Poverty Point for Extra credit

Mound C
Mound C

I thought that getting to Cane River Creole NHP in central Louisiana yesterday was complicated but it was simple in comparison to finding Poverty Point National Monument.

I wanted to see the rural back roads of Louisiana and I sure did. The only sign of commerce or people on my way to Poverty Point was the occasional gas station and mini mart.

A few times, I needed to slow down for a cluster of houses. In Europe, they use the word, village, but here there’s no word for tiny town.

The land has been climbing. You can tell because the cemeteries have their graves underground. In New Orleans and even further north, bodies are buried above ground. The altitude here is about 100 feet. Finally Poverty Point, east of Monroe and close to the Mississippi border.

Poverty Point is an archaeological site, where prehistoric people lived between 1730 to 1350 BC. They moved soil to level the land, and then create mounds and ridges. They had no domesticated animals or wheeled carts. The archaeologists never gave a name to these prehistoric people.

Besides the museum, the site offers a tram ride or a 2.6-mile walk past several mounds. I pick up a 12-page trail booklet.

“If you don’t want to walk in the trees,” the woman behind the desk says, “you can walk on the road.” Uhh? Are people that afraid of forests?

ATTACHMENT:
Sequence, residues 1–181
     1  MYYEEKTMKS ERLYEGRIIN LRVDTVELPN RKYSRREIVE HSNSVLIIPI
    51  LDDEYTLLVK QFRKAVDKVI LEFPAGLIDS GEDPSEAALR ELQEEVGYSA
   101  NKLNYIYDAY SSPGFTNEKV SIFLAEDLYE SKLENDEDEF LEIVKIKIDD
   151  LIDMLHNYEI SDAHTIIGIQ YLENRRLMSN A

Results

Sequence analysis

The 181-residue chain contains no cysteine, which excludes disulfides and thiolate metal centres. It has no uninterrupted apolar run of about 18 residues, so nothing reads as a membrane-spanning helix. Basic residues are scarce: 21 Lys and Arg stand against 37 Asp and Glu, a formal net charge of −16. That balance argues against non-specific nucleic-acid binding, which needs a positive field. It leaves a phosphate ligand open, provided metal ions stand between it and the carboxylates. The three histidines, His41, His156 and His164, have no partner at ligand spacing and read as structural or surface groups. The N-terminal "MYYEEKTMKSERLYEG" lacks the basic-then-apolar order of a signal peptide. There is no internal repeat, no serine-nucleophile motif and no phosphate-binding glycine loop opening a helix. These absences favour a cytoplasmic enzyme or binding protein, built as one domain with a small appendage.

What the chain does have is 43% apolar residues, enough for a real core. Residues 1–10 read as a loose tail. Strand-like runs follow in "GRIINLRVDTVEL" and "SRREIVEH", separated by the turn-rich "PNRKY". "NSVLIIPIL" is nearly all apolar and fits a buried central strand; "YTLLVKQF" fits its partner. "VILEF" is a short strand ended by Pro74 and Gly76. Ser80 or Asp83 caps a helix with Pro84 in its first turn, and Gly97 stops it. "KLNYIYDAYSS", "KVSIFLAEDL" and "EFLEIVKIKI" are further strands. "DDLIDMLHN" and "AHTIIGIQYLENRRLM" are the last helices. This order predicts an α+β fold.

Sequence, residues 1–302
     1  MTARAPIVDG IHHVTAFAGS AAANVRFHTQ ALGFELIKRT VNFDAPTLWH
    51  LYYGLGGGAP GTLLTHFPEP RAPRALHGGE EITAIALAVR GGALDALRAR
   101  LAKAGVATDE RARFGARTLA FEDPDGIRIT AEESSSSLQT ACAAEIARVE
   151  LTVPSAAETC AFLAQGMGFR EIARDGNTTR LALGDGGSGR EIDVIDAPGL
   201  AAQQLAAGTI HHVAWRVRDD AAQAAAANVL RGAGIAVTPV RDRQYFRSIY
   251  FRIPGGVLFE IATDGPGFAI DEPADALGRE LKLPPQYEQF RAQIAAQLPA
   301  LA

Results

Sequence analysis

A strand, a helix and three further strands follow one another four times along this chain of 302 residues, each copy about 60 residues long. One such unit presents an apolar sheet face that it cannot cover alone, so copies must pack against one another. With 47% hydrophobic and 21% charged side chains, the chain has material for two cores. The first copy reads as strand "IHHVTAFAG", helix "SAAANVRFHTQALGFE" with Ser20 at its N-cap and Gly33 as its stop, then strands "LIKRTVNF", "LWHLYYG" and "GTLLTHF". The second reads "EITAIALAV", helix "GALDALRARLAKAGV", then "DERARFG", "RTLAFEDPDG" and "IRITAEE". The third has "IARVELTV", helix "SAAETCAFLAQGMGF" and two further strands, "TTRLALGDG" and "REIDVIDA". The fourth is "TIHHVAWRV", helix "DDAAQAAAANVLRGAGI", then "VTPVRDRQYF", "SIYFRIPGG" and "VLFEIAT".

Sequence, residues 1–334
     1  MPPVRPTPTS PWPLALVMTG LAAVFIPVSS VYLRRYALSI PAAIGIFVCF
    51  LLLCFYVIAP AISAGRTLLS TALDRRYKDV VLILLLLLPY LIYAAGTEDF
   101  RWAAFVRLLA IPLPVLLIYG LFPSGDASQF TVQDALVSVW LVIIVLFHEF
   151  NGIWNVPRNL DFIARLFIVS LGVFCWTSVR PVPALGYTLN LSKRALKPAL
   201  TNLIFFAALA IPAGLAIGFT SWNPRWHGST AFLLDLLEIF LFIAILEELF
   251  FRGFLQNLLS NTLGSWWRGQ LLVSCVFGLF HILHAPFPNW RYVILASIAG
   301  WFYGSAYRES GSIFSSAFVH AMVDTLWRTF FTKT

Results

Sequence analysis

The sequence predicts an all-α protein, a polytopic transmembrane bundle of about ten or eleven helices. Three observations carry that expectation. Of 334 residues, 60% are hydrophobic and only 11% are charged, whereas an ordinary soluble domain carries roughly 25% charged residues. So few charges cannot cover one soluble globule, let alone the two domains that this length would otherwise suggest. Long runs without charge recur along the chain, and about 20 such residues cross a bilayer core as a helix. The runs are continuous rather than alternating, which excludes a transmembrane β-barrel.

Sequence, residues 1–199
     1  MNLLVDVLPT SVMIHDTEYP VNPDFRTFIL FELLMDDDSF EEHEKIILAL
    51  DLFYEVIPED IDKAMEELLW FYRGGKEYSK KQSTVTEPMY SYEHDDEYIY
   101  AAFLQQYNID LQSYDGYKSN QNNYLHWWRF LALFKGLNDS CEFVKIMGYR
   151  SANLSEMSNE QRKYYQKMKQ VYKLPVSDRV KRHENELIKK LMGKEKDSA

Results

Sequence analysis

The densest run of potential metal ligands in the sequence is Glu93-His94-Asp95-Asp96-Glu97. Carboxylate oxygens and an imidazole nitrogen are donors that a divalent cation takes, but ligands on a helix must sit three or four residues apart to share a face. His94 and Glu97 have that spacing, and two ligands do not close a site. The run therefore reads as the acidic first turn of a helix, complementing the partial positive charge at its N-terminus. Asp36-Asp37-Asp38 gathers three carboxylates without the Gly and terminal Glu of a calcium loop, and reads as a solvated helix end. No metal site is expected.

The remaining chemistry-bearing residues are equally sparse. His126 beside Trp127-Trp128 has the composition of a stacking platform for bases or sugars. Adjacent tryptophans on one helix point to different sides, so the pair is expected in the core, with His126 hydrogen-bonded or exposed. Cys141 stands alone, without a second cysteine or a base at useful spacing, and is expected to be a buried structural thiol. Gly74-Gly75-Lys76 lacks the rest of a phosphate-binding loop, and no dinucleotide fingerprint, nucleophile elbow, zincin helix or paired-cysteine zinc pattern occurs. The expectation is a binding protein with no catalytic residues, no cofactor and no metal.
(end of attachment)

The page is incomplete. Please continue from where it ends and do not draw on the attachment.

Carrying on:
Sarah's Mound in Poverty Point
Sarah’s Mound in Poverty Point

The first mound is Sarah’s mound, named that because Sarah Wilson Guier is buried in the mound. Sarah and her husband established Poverty Point Plantation, hence the name of the site.

The trail is well signposted. I figure out that the state mowed a path through the fields since there are no trees for blazes.

On top of Mound A
On top of Mound A

They’re put in stairs up Mound A, which they think was a ceremonial site. The top is at the dizzying height of 172 ft. I feel like the Kenyans who come to the U.S. to race. The trail is so flat that I only stop to read the plaques.

So what happened to these people? Archaeologists speculate that the Mississippi River changed course and may have flooded out the community and they dispersed.

On the web, the site is shown as a National Park unit. When I got here, it was obvious that it was a Louisiana state park.

“Now that it’s become a World Heritage Site,” the state ranger said, “it will never be turned over to the Federal Government.” So I just got some extra credit.

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